Military attempts to end Guantanamo Bay detainees' hunger strike
The military attempted to break a hunger strike at Guantanamo Bay, Cuba, early Saturday when the detention center commander ordered an end to communal living conditions and returned the detainees, sometimes forcibly, to single cells.
“This action was taken in response to efforts by detainees to limit the guard force's ability to observe the detainees by covering surveillance cameras, windows and glass partitions,” said Navy Capt. Robert Durand, a spokesman for Joint Task Force Guantanamo. “Round-the-clock monitoring is necessary to ensure security, order and safety as detainees continued a prolonged hunger strike by refusing regular camp-provided meals.”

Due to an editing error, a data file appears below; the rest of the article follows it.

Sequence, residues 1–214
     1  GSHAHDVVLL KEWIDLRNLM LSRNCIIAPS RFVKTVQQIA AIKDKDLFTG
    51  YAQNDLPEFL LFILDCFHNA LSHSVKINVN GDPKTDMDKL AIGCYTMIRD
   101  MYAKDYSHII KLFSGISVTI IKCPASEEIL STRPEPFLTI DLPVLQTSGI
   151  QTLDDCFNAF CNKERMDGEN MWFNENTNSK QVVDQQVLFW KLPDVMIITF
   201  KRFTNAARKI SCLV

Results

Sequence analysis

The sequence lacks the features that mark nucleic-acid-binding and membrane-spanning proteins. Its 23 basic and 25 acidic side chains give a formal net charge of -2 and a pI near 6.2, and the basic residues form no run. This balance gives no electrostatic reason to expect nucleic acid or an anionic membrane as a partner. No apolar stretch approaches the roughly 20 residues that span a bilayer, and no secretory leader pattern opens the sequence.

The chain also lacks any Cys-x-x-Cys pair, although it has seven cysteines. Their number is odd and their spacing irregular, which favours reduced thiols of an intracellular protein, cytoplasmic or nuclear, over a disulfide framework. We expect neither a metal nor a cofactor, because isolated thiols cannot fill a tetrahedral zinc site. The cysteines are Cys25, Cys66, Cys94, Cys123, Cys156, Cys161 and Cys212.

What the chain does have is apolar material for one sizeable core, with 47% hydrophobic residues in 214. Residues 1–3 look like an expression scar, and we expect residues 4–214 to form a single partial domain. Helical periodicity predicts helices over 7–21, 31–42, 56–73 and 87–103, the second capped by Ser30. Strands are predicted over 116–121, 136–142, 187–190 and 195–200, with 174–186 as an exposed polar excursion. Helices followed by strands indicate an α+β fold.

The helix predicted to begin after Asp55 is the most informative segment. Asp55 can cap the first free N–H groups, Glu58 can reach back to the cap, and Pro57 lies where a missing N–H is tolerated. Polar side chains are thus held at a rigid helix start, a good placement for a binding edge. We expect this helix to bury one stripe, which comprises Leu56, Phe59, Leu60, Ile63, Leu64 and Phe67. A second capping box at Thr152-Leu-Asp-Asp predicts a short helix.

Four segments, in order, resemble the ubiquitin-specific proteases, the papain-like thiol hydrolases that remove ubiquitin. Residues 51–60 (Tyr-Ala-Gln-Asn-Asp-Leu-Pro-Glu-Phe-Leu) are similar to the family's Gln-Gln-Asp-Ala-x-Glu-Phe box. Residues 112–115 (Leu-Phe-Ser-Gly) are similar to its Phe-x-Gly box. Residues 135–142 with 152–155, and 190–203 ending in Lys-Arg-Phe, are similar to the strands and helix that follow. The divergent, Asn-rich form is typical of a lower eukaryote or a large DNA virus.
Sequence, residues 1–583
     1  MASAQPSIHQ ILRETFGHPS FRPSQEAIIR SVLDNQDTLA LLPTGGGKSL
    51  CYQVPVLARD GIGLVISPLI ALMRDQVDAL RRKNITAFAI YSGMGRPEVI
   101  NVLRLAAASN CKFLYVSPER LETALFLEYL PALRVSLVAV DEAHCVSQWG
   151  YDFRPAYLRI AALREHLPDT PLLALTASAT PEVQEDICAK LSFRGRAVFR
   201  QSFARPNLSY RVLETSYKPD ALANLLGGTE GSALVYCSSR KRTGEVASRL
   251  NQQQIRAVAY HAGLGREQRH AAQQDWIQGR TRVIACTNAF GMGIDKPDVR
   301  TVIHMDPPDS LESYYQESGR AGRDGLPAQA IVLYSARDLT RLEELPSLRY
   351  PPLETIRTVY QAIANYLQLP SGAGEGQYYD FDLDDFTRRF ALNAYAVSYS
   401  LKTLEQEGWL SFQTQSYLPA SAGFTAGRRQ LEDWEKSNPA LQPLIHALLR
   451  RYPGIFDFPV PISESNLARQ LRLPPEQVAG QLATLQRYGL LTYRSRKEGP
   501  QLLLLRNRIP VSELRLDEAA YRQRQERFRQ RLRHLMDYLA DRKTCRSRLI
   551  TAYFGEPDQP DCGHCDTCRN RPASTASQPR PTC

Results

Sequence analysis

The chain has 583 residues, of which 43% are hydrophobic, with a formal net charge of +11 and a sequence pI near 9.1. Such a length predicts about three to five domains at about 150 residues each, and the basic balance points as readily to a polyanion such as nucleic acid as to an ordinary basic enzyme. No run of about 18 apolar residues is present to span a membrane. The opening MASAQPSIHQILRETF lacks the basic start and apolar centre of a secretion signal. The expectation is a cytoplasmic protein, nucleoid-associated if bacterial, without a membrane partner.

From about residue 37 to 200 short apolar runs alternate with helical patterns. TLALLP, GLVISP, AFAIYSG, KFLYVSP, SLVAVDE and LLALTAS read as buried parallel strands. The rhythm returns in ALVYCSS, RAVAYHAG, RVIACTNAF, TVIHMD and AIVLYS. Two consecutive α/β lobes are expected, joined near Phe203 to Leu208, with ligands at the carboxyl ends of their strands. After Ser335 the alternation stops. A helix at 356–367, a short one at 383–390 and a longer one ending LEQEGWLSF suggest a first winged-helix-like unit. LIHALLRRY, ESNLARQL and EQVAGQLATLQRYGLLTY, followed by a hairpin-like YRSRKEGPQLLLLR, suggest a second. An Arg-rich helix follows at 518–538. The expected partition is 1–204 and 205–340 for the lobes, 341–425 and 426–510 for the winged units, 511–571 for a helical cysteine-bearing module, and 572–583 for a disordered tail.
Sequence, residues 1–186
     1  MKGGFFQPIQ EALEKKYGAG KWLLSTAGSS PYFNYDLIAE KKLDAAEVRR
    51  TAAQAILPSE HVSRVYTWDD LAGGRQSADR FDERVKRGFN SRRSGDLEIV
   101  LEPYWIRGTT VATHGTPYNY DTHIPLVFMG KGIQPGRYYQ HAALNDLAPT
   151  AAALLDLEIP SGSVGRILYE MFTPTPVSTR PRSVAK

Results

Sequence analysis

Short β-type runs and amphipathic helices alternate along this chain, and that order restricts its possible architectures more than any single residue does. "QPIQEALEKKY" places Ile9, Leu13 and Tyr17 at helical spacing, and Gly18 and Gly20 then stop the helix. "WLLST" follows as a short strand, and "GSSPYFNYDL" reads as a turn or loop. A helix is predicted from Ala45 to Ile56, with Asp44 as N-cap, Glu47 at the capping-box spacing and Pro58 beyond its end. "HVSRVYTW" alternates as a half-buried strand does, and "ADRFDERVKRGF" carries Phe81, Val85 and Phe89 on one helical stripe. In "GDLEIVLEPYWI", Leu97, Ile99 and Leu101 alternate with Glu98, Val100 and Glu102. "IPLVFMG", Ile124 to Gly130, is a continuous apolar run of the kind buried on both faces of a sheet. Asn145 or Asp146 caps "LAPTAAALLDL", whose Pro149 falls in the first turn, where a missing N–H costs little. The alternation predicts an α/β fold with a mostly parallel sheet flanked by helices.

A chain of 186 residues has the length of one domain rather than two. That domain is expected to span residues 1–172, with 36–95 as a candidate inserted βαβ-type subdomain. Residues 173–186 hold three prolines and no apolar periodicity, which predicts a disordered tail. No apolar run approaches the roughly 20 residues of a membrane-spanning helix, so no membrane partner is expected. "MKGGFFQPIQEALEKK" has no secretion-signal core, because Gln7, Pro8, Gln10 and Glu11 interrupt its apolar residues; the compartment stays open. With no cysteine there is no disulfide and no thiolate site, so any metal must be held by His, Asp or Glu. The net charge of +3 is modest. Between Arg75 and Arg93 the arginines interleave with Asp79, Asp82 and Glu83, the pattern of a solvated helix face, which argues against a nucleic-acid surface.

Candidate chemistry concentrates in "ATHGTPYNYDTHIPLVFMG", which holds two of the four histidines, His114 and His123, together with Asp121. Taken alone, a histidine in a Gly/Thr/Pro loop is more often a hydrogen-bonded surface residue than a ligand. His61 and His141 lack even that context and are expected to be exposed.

Durand said in a statement that some detainees “resisted with improvised weapons, and in response, four less-than-lethal rounds were fired.”
He said there were no serious injuries to guards or detainees.
The hunger strike began in early February after detainees said the guard force initiated aggressive sweeps of the cells that they alleged included inappropriate searches of the detainees' Qurans. The military acknowledged that Qurans were searched for contraband, but said they were handled only by interpreters, most of whom are Muslim, not the guard force.
Lawyers for the detainees, the military and the International Committee for the Red Cross agree that the hunger strike is also born of a deeper frustration that the Obama administration has abandoned any real effort to close the facility.
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